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Varenicline, naltrexone, and their combination for heavy-drinking smokers: preliminary neuroimaging findings.
- Author(s): Ray, Lara A;
- Courtney, Kelly E;
- Ghahremani, Dara G;
- Miotto, Karen;
- Brody, Arthur;
- London, Edythe D
- et al.
Published Web Locationhttps://pubmed.ncbi.nlm.nih.gov/24949564/
No data is associated with this publication.
RationaleHeavy drinking smokers constitute a sizeable and hard-to-treat subgroup of smokers, for whom tailored smoking cessation therapies are not yet available.
ObjectiveThe present study used a double-blind, randomized, 2 × 2 medication design, testing varenicline alone (VAR; 1 mg twice daily), naltrexone alone (NTX; 25 mg once daily), varenicline plus naltrexone, and placebo for effects on neural activation to cigarette cues in a sample (n = 40) of heavy drinking daily smokers (≥10 cigarettes/day).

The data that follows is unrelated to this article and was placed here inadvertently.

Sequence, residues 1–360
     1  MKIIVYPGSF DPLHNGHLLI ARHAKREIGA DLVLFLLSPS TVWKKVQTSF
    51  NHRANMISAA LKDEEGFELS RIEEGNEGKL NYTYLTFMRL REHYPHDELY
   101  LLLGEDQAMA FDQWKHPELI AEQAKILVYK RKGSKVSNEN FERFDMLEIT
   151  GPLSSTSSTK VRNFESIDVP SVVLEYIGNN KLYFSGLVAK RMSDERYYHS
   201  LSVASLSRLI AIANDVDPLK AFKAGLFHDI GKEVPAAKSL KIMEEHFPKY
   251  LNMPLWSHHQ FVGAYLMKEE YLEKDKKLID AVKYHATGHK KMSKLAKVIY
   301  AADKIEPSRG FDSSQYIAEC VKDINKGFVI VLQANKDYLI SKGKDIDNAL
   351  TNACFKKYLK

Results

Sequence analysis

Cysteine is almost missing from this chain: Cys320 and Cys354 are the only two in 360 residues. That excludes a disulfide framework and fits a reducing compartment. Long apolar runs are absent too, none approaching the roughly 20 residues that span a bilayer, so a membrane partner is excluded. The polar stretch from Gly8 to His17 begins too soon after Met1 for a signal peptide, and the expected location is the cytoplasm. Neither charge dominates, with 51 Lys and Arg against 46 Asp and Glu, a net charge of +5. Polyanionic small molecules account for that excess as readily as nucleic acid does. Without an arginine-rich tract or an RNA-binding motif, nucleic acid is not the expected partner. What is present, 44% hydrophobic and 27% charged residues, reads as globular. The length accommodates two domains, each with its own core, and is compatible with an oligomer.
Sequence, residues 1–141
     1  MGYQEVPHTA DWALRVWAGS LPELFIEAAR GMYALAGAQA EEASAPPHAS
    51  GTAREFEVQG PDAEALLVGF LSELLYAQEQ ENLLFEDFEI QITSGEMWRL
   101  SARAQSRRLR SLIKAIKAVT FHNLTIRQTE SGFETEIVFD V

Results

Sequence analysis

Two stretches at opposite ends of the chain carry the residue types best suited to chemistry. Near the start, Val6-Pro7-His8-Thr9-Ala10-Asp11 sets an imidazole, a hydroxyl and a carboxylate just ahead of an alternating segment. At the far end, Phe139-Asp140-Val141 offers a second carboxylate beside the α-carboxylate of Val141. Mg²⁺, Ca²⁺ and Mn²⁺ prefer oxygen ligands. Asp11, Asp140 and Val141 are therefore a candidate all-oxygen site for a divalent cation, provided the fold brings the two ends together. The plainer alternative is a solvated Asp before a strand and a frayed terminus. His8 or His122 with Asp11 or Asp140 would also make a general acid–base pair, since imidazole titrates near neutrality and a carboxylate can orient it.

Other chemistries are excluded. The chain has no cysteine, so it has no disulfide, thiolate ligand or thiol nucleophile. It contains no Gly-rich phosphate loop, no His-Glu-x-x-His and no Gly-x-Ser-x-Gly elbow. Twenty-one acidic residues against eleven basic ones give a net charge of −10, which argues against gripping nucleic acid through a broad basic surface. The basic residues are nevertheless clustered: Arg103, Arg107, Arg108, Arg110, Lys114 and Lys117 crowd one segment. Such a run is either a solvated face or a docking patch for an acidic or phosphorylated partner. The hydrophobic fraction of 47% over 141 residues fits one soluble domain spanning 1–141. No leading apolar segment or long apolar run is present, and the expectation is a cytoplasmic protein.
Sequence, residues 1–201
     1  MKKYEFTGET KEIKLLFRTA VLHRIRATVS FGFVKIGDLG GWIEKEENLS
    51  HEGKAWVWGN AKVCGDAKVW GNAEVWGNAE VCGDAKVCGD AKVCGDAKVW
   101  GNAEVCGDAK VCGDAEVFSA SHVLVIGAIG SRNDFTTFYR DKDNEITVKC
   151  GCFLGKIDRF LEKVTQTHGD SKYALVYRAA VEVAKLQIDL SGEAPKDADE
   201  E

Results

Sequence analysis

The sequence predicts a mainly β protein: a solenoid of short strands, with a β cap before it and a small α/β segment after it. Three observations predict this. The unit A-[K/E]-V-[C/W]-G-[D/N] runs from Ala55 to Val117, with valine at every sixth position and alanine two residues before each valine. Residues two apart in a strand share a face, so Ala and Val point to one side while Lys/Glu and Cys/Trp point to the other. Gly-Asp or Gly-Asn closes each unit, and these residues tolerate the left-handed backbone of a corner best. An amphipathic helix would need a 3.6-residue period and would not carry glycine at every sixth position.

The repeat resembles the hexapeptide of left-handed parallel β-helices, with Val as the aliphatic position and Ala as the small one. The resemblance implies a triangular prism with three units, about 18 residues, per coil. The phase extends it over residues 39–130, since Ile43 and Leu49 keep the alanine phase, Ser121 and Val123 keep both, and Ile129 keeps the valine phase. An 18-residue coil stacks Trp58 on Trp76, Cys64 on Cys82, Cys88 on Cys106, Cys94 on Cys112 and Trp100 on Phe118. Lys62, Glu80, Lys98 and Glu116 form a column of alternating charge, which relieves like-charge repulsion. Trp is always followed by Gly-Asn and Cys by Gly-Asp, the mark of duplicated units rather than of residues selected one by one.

MethodsAll participants were tested after a 10-12-day titration period designed to reach steady state on the target medication. Participants underwent functional neuroimaging (fMRI) for examination of brain responses to visual smoking-related (vs. neutral) cues.
ResultsRegion of interest (ROI) analyses of brain responses to Cigarette vs. Neutral Cues indicated that the combination of VAR + NTX was associated with reduced activation of the bilateral anterior cingulate cortex as compared to placebo and to NTX alone. Exploratory whole-brain analyses also indicated significant differences in brain activation during cigarette cues in the active medications versus placebo condition. All medications suppressed left nucleus accumbens activation relative to placebo, suggesting the possibility that both medications, either alone or in combination, reduce neural signals associated with appetitive behavior.
ConclusionsAlthough preliminary, these neuroimaging findings indicate that clinical studies of the combination of VAR + NTX for heavy drinkers trying to quit smoking may be warranted.
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